Looking back over the last 16+ years that podcasting has been a thing, it’s clear that we've made some rather huge accomplishments. We've minted a few millionaires. We’ve collectively created more than 2 million shows available to listeners. Some of us have built solid production houses and other podcasting-specific firms that gainfully employ dozens and sometimes more than a hundred people.
There’s no doubt that we have, indeed, build a real economy out of podcasting. And I’m thankful for that, as podcasting is my only job!
But some things about the podcasting economy we’ve built are still dumb. And I hope it doesn't take us another 16 years to stop doing some of those dumb things.
Smart Speakers Still Suck For Listening To Podcasts
While there’s little doubt that consumption of podcasts on Smart Speakers is on the rise, it’s still a rotten experience. I have six AI-powered speakers from the same provider strategically placed throughout my two-bedroom condo. I listen to an obscene number of podcasts. Yet I never, ever listen to podcasts on any of those devices. Because it’s a rotten experience.
I lay a lot of the blame at the non-existent feet of voice-powered AI in its current state. Most of us are used to using our voice as the primary way we interface with other humans. But all of that comes crashing down when we’re just trying to tell our AI to shut off the lights in the master bedroom and have forgotten the highly specific incantation to achieve that bit of magic.
But back to podcasting. Not only can the AI rarely find the show I want to listen to, but it also can’t easily pipe an episode to me as I move from room to room. Nor is it smart enough to pause playing when I’m interrupted by a phone call or by something my wife wants to speak with me about.
Podcasting Data Is Still Untrustworthy And Obfuscated
Forget “accuracy” for a moment. The problem with podcasting statistics is an issue of trust. A few days ago, podcast hosting company Buzzsprout claimed in a Tweet:
“For the first time ever, Spotify accounted for more downloads than Apple Podcasts across the Buzzsprout platform.”
Trouble is, no other hosting company can back up that claim. And chances are, you looked at your podcast hosting company’s stats page and wondered where all your Spotify listeners are, because you’re probably seeing between 10–20% of your downloads attributable to Spotify.
That leaves us with two possibilities: Either Buzzsprout is wrong, or every other podcast hosting company is wrong. Which is it? Well, since very few podcast hosting companies share aggregate data and even fewer are clear as to their counting methodology, all download numbers are treated with suspicion.
But we’re not absolved of blame, podcasters. Generally speaking, and I’m sure you don’t do this, podcasters tend to falsely report the size of their audiences. Some of that (and I’d wager most of that) is simply posturing; exaggerating numbers to make our shows seem like they are more widely listened to than they really are. But a fair amount comes down to ignorance. Podcast hosting platforms uniformly do a rotten job of answering the simple question every podcaster wants to know: “How many people are listening to my show?” So it’s not surprising that podcasters just grab the biggest number they can find in their dashboard and shout about that.
RSS Feeds Still Suck
Before you start pelting me with rotten leftover eggs from last weekend, I will acknowledge that RSS feeds for podcasting have changed and improved over where we started. Furthermore, Podcastindex.org is having some early success gaining adoption for their new crowd-sourced tags, which will further improve the functionality of RSS feeds, which remain the lifeblood of podcasting distribution.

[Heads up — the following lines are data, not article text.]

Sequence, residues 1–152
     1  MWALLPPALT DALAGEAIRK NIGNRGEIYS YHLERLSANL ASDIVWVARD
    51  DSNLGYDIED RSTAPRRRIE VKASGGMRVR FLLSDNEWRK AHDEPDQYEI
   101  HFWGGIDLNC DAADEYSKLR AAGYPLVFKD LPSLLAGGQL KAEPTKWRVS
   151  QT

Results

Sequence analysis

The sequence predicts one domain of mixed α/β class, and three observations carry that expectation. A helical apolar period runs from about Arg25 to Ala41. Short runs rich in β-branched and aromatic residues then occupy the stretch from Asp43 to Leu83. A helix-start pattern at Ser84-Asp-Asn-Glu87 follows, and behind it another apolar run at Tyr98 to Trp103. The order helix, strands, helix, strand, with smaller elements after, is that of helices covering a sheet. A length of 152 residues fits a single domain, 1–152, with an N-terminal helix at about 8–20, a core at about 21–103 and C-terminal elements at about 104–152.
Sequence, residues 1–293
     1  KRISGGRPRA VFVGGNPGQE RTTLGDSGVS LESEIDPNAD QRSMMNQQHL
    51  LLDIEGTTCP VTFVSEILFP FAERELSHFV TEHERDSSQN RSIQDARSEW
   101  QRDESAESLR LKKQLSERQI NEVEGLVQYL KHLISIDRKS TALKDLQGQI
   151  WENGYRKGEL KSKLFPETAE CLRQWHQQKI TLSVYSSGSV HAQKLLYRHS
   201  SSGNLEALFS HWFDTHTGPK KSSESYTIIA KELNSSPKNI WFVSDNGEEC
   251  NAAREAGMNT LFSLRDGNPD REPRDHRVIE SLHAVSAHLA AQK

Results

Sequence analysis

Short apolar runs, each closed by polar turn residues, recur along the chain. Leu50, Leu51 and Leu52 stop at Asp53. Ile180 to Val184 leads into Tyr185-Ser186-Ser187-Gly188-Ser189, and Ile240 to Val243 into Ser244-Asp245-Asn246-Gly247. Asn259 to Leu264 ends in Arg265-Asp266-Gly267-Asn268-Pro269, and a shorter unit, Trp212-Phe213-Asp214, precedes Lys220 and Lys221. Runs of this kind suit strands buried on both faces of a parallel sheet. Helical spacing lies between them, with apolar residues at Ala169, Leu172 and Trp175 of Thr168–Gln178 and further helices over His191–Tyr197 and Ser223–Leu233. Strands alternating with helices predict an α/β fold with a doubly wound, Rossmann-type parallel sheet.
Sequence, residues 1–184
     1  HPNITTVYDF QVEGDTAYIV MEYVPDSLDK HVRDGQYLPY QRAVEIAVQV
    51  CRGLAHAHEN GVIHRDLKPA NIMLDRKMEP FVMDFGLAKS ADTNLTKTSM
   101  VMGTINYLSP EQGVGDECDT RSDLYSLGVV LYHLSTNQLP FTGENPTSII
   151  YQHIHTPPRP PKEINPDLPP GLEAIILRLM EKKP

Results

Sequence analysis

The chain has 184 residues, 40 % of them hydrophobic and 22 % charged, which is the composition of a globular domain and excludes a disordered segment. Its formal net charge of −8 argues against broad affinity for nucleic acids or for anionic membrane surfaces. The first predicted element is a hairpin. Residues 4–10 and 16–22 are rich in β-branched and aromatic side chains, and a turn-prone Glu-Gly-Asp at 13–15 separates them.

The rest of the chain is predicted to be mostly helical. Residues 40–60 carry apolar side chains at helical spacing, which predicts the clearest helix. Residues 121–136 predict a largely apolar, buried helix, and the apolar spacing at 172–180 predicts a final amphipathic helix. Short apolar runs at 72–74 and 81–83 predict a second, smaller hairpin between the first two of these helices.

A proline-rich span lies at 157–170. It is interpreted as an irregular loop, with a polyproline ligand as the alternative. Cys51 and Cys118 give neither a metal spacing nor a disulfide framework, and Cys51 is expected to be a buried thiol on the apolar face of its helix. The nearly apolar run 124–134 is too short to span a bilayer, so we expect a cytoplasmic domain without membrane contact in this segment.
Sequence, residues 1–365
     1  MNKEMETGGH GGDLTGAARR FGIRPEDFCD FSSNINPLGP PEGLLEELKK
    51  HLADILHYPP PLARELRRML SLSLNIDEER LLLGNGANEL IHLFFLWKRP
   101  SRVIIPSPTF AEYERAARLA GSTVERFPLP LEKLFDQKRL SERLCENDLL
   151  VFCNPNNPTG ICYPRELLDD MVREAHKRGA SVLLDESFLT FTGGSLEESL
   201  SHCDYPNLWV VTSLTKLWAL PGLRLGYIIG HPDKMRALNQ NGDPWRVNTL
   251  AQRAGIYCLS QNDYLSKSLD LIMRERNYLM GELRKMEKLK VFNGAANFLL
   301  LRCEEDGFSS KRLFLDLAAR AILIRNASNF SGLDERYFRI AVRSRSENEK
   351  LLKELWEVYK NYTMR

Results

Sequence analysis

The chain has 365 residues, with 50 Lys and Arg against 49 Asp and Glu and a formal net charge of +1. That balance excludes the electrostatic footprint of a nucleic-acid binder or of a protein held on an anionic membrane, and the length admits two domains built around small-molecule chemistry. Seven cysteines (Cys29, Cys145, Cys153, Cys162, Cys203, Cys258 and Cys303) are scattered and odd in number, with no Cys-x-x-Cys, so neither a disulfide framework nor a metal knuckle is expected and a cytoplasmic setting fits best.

But RSS feeds still suck and are forcing silly limitations on podcasts. Why can't we yet name a season? Why are we stuck with “Season 1”? Why can’t we include credits much as we see at the end of TV shows and movies? Why can’t we reference other episodes to encourage threaded listening, rather than forcing listeners to follow a linear path? We can't do any of those sorts of connections because we’re using RSS feeds to do more than they were intended to do, that’s why.
Podcasting Is Still Terribly Under-monetized
It's great news that podcasting is projected to break 1 billion in ad revenues in 2021. That was supposed to happen last year. Thanks, COVID-19.
But a billion dollars is still tiny when compared to other ad-supported mediums. And while I know that some of the biggest advertisers are slow to pivot into new spaces, I also know what a giant pain in the ass it is to successfully advertise on podcasts.
It’s hard to buy at scale. It’s hard to see returns at scale. Hats off to Better Health for investing more in podcast advertising so far in 2021 than any other form of advertising they fund. But they’re the exception. The bulk of advertisers still look at podcasting and give it a pass.
Evo’s Still Cranky
Not really cranky (OK, maybe a little cranky). But definitely realistic. And as a realist, I have to point out that every issue raised above is solvable. More to the point, I think all of those issues will be solved. And I don’t think it’ll take another 16 years.
That’s exciting to me. Because once we get those issues resolved, or at least edge them closer to perfection, podcasting will be made better.
If you found this more eye-opening than cranky, please go to BuyMeACoffee.com/evoterra and slide virtual coffee my way.
And you know someone in the podcasting space needs to hear this harsh bit of reality but with a slice of hope, then please forward this article to them. I would greatly appreciate that.
I shall be back tomorrow with yet another Podcast Pontifications.